Mike Parkinson is an internationally recognized visual communication expert, author, and highly rated speaker. He is also a fellow Microsoft PowerPoint MVP. Mike is the owner of the 24 Hour Company (a premier creative services firm) and Billion Dollar Graphics (a training and graphic solutions company). Both of his companies are deeply rooted in the world of developing presentations and training people on how to communicate effectively.

In this episode with Mike Parkinson, we talk about visuals and persuasion in presentations, what happens in the human brain, how design sells, virtual presentations, his book, and some simple rules you can follow to make the slides work for you.

The role of visuals

80% of what we learn comes through our eyes. The brain takes in visuals differently, and we trust what we see more than the spoken word. When we see a visual, we take it all at once, whereas when we see some text, we decode it linearly which takes more time.

Our brain also takes shortcuts – if the aesthetics are of poor quality, it assumes that the content is also of poor quality. This way it calculates if something is worth our time paying attention.

If the visuals look good and well-thought-out, the audience automatically thinks that the content is valuable, too.

Design sells

The visual aspect is what sells. We have one chance to make a first impression.

If you create a presentation – everything has to be consistent with its message. If something is not consistent, the audience experiences cognitive dissonance. You can say something is innovative, but the audience’s emotional side will tell them that it does not feel like that.

Using persuasion for good

So how can you make your audience do what you would like them to do?
First, use your powers for good. Second, you need engagement.

Mike tells us a metaphor he likes from Jonathan Haidt’s book “The Happiness Hypothesis” – our brain consists of two parts, an elephant, and a rider. The rider is the intellectual, and the elephant is the emotional part.

Scientists have proved that the elephant is always awake and learning, but the rider is often asleep. The elephant wakes the rider up only when there is something of value. To truly engage people, you must focus on the elephant first and the rider second.

Decision making

Pain, gain, or fear are the only things that motivate the elephant to wake up the rider. It is also gain if the pain of change is less than the pain of staying the same.

After we provide the reason for the rider to wake up, we move on to the second step – the questioning of which path to take now. This step has three branches – trust, ego, and value.

Focus on engaging people emotionally first, and then provide the evidence. The rider, the intellectual, and the analytical have to agree with the evidence. Provide the proof for the emotion. But Mike says that from trust, ego, and value, value is the only one the rider gets engaged to make a decision.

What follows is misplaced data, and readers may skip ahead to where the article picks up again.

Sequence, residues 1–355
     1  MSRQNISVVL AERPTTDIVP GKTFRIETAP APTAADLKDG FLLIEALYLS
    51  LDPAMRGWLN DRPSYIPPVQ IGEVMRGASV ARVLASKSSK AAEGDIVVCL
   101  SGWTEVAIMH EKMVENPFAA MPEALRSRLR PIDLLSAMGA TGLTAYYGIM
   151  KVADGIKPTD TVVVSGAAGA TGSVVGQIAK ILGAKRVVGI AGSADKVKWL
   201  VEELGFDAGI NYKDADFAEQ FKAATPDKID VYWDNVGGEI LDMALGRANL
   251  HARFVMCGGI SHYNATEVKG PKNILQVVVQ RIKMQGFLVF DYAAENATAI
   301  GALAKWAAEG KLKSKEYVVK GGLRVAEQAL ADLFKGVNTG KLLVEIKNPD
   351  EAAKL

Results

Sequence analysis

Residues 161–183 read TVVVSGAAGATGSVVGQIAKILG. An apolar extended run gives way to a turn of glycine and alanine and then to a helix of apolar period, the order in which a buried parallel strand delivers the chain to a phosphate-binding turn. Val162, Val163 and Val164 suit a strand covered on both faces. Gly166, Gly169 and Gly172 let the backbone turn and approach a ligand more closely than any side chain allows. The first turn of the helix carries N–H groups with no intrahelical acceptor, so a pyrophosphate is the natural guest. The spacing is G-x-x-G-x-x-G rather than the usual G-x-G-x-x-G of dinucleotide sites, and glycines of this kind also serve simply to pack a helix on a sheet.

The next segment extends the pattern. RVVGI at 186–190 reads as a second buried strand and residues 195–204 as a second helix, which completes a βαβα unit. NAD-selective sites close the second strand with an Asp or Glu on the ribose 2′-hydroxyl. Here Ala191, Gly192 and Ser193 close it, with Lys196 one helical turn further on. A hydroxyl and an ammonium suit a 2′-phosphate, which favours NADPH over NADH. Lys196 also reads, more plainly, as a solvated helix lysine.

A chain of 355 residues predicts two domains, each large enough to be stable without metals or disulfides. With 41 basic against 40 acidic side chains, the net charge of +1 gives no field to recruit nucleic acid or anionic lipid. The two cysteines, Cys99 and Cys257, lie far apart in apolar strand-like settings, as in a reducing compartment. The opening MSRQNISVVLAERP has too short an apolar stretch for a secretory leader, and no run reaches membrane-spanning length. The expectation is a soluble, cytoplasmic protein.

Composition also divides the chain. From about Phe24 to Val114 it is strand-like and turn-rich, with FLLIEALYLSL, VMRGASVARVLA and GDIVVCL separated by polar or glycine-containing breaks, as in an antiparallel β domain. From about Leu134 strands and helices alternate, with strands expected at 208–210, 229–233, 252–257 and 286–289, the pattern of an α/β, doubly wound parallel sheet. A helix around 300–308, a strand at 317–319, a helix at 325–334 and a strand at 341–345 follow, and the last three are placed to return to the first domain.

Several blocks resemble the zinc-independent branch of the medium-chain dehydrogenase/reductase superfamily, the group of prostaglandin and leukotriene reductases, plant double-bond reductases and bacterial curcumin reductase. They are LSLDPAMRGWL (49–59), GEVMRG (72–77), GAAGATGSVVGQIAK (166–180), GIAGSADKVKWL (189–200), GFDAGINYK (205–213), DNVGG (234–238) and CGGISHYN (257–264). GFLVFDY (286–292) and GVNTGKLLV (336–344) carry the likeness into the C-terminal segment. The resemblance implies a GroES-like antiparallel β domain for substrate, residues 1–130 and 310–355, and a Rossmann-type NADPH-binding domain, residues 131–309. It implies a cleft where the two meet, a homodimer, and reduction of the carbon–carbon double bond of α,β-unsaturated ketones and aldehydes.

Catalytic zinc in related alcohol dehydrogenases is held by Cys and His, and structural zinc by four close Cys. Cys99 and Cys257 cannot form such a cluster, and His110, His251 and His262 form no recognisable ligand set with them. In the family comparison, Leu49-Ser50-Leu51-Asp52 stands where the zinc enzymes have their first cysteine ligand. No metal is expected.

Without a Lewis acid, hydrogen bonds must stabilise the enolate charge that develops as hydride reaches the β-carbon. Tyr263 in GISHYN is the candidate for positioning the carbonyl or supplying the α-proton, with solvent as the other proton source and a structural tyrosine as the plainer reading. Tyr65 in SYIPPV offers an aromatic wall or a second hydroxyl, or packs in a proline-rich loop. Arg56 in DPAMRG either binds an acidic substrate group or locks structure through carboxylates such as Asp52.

Contrast is king

We all have heard the phrase “Content is king”. Mike tells us that we are living in an at-a-glance society where people are not requesting information, they require it.

If we go to a website and not find what we are looking for pretty fast – we get out of there.

When we hear or see something unique, it engages us. Thus in Mike’s opinion Contrast is actually king because things that are different make people pay attention to them.

If it looks like something people have seen over and over, the brain automatically tunes out.

Outlining your presentation, the right way

Mike tells us that the most common problem when creating an outline is that you are not thinking about engaging emotionally but directly creating the intellectual content you want to communicate.

Do not focus on what you want to say, focus on what the audience needs to hear and understand.

Mike adds that people often practice inefficiently because they approach it in an ad-hoc matter instead of a process.

3 simple rules to follow

1. Know what you want to say before you say it.
2. Be authentic. The audience can sense when something is off.
3. Practice out loud.

In our heads, we sound really good but then when we say it and hear it, it is a mess. It is okay to make mistakes and know how to recover from them. In general, it is okay, and you have to own it as nobody is going to make a big deal out of it.

The most high-level executives are the people that rehearse, which means that the busiest people find time for it. And when you say someone is a good speaker or a talented one – they have worked very hard to make it seem easy. They are people who have failed forward and worked out what works for them.

The book

Do-It-Yourself Billion Dollar Graphics is a book full of best practices, it contains the things that you want to do the right way for any presentation.

Mike says that you can easily throw away what does not work for you and keep the lessons that do.

The book comes with free PowerPoint graphics that you can use immediately for your content and gives you a set full of tools.


Contact Mike at info@billiondollargraphics.com. Check out his website Billion Dollar Graphics or 24 Hour Company, his YouTube channel, personal LinkedIn, Facebook, Twitter, or Instagram.

He also shares –

Build-a-Graphic (turn text into professional graphics in PowerPoint and use anywhere)
Graphic Cheat Sheet (PDF to help you pick the best graphic for your needs)
Graphic Cheat Sheet (examples of different graphic types to get ideas)
Billion Dollar Graphics ebook (+200 graphics)
PowerPoint book (+100 graphics)

Listen to the full episode!

YouTube video